To mark the 70th anniversary of the Association of Ukrainians in Great Britain (AUGB), an academic conference was held earlier this month at the Associationâs Central Office in London. Academics from both the UK and Ukraine considered various historical aspects ranging from prominent personalities to Ă©migrĂ© publications to highlighting a rich array of data and source archival documents.
Speakers at the conference (Photo by Ihor Polataiko, reproduced by kind permission of the AUGB)
The origins of the AUGB go back to 1945 when Ukrainians serving in the Polish Armed Forces under British command came up with the idea of creating an official body to cater for their ethnic and spiritual needs. With the help of the Ukrainian Canadian Servicemenâs Association, based in Londonâs Sussex Gardens, they coordinated activities from late August 1945 up to the AUGBâs inaugural General Meeting in Edinburgh in January 1946. A Central Office was purchased in March 1947 which provided a base from which to help incoming Ukrainians settle in Britain.
In early 1949 an Invalids Fund was also established after the British Government decided (December 1948) to transport some 300 sick and injured Ukrainian former prisoners of war to Germany (and from there back to the USSR to face almost certain death). The decision was ultimately reversed in the face of Ukrainians threatening all-out strike action in protest, though the London Times of 30 December 1948 suggested that it was the hunger strike of the individuals concerned, coupled with the ârepugnantâ nature of the governmentâs decision, that ânaturallyâ aroused objections among âordinary Englishmenâ. During that year alone, AUGB members donated a shilling a week to raise over ÂŁ17,000 - the equivalent of well over ÂŁ1.3 million today. This enabled the purchase of a property in Chiddingfold, Surrey, to provide care for those who were unable/unfit to work, or who simply required respite care. The property also accommodated summer youth camps until the 1960s and subsequently became a residential care home until its closure in 2012.
Over 300 Branches of the Association were created in the late 1940s but this number became substantially reduced by the mid-1950s as Ukrainians settled in closer proximity to each other in major towns and cities. Within these clusters they formed amateur cultural groups â choirs, dance ensembles, orchestras, theatre groups - and also collected funds to purchase community centres.
From the collection of 40 postcards Ukrainsâka Pisnia (Ukrainian Song; London, 1969)
As AUGB activities expanded, the AUGB Library (1947), the Association of Ukrainian Women (1948) and the Association of Ukrainian Teachers and Educators (1955) were established. The last coordinated community nurseries and language schools for a growing second generation. To facilitate consistency the AUGB published practical guidelines (in 1955) on methods of education, notably in four volumes of Materiialy Vykhovannia i Navchannia (Educational and Teaching Materials) dedicated to different aspects of Sunday school teaching.
I am often asked what drove that first generation of Ukrainians to be so generous with their time and the little money that they earned. The answer lies among the many resolutions adopted during the Associationâs Annual General Meetings, illustrated by this example from 1948: âThe AUGB, as a non-party generally-national organisation, calls on all Ukrainians to work together, irrespective of faith and political persuasion, to attain our ultimate goal â a Free, Independent and Sovereign State of the Ukrainian Nationâ.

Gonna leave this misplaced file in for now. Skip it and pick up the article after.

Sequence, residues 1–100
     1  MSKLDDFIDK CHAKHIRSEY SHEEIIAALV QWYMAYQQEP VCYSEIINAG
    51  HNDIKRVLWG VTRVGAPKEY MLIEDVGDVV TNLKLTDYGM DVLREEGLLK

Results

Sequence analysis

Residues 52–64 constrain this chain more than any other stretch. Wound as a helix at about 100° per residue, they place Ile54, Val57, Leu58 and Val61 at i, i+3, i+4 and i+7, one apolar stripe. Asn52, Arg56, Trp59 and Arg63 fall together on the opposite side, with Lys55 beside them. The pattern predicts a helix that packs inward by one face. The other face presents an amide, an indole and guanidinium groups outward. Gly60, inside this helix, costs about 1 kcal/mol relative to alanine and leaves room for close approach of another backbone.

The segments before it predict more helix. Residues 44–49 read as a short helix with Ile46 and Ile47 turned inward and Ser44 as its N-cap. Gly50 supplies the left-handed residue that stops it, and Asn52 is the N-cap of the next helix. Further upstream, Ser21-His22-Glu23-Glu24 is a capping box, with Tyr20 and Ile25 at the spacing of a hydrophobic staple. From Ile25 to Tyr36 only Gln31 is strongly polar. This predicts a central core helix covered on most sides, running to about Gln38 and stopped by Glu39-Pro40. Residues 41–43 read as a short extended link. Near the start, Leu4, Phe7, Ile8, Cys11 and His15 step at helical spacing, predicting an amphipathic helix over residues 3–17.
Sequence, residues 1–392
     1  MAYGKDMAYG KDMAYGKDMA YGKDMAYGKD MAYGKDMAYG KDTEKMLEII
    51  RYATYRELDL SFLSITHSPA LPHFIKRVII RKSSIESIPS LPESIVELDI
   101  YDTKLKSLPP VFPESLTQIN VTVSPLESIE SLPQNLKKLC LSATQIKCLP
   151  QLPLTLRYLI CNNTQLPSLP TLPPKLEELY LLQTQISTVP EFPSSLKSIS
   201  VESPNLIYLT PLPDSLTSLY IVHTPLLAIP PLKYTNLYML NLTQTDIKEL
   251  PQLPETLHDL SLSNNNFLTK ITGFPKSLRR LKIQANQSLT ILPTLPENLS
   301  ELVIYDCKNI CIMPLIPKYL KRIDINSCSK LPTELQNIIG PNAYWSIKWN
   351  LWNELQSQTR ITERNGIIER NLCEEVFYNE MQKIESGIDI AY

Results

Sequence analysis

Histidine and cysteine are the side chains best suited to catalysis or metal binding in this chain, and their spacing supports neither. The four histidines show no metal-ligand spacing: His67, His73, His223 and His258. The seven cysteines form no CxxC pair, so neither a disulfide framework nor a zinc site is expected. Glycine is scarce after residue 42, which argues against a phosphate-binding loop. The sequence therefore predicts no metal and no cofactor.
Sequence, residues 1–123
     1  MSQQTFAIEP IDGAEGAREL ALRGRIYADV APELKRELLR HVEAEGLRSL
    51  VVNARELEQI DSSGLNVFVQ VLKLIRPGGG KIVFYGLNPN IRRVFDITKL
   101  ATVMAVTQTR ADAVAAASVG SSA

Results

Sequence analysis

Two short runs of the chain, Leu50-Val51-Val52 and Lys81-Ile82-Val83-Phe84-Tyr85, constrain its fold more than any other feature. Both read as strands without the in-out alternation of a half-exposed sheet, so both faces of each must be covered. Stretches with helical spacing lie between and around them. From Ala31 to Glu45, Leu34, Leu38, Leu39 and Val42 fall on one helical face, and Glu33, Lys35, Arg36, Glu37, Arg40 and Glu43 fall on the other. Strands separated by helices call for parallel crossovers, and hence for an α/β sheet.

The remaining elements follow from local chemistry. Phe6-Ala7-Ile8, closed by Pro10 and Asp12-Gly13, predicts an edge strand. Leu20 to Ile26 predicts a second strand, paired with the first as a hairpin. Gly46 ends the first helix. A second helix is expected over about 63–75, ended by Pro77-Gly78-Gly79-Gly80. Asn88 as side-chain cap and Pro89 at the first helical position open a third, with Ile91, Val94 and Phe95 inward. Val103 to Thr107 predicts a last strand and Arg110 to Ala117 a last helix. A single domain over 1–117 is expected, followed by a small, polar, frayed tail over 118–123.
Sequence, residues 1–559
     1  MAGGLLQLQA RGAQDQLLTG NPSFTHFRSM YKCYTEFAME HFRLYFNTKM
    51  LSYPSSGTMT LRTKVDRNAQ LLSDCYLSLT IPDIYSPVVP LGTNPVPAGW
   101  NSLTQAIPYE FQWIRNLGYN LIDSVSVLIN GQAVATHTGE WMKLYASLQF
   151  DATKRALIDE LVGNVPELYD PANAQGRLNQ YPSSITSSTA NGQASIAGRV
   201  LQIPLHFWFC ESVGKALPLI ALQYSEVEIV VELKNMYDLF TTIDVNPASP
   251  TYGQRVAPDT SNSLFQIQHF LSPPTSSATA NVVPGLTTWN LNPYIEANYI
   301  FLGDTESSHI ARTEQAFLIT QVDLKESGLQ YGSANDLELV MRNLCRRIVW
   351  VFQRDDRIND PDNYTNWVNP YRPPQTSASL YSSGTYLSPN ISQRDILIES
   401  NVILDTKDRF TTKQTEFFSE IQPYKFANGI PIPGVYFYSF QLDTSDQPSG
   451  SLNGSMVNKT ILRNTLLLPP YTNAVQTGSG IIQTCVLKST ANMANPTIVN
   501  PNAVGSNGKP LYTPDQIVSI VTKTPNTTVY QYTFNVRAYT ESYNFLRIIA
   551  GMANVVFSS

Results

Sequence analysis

This love of Ukraine made the preservation of language, culture, and devotion to the homeland an important goal. Amongst other things it inspired regular publications of: a newspaper from November 1945 to the present, initially Nash Klych (âOur callâ) and then from spring 1947 Ukrains'ka Dumka (âThe Ukrainian Thoughtâ; LOU.1165 ); an annual calendar booklet, Kalendarets' ukraintsia u Velykii Brytanii (1947-2004; P.P.2458.lo.); a satirical magazine, Osa (âWaspâ) (1947-1948); an English-language quarterly The Ukrainian Review (1954-2000; P.P.4842.dns.) and a school childrenâs magazine, Iuni Druzi (âYoung Friendsâ; 1955-1984; P.P.5992.gan.).
The latter was supplemented by the publication of childrenâs books, such as the alphabet and early reading text-book Bukvar (1958), or popular national tales, such as âGrandadâs Turnipâ (1954-55), or indeed the delightful narrative poems of the exceptional Leonid Poltava â Zhuchok-Shcherbachok (âThe little beetle Shcherbachokâ; W.P.9391/3.), Slon po Afrytsi khodyv (âThe elephant walked through Africaâ; 1955; W.P.9391/2) and others.
The books were published predominantly in Ukrainian but there were exceptions. Perhaps of particular note was the publication of Song out of Darkness, a collection of poems by the national poet, Taras Shevchenko translated by Vera Rich to mark the centenary of the poetâs death, which we are now working on to update and republish.
The AUGBâs Library and Archive was also named after the Ukrainian bard. Today it works closely with the British Library and its collection of over 35,000 books is open to all students, academics and casual visitors interested in studying Ukrainian diaspora publications.
As Ukrainians celebrate the 25th anniversary of the independence referendum vote of 1 December 1991 and simultaneously focus on events in Ukraine over the past three years (notably the annexation of the Crimea and the ongoing war in Eastern Ukraine), we continue to face fresh challenges, adapt and seek new ways of developing, communicating and working with our members and the wider community. Our newspaper, website and social media aim to bring news and events to wider audiences and promote a greater understanding, not only of our heritage, but the contribution that we can make to academic research and cultural diversity.
Fedir Kurlak, AUGB CEO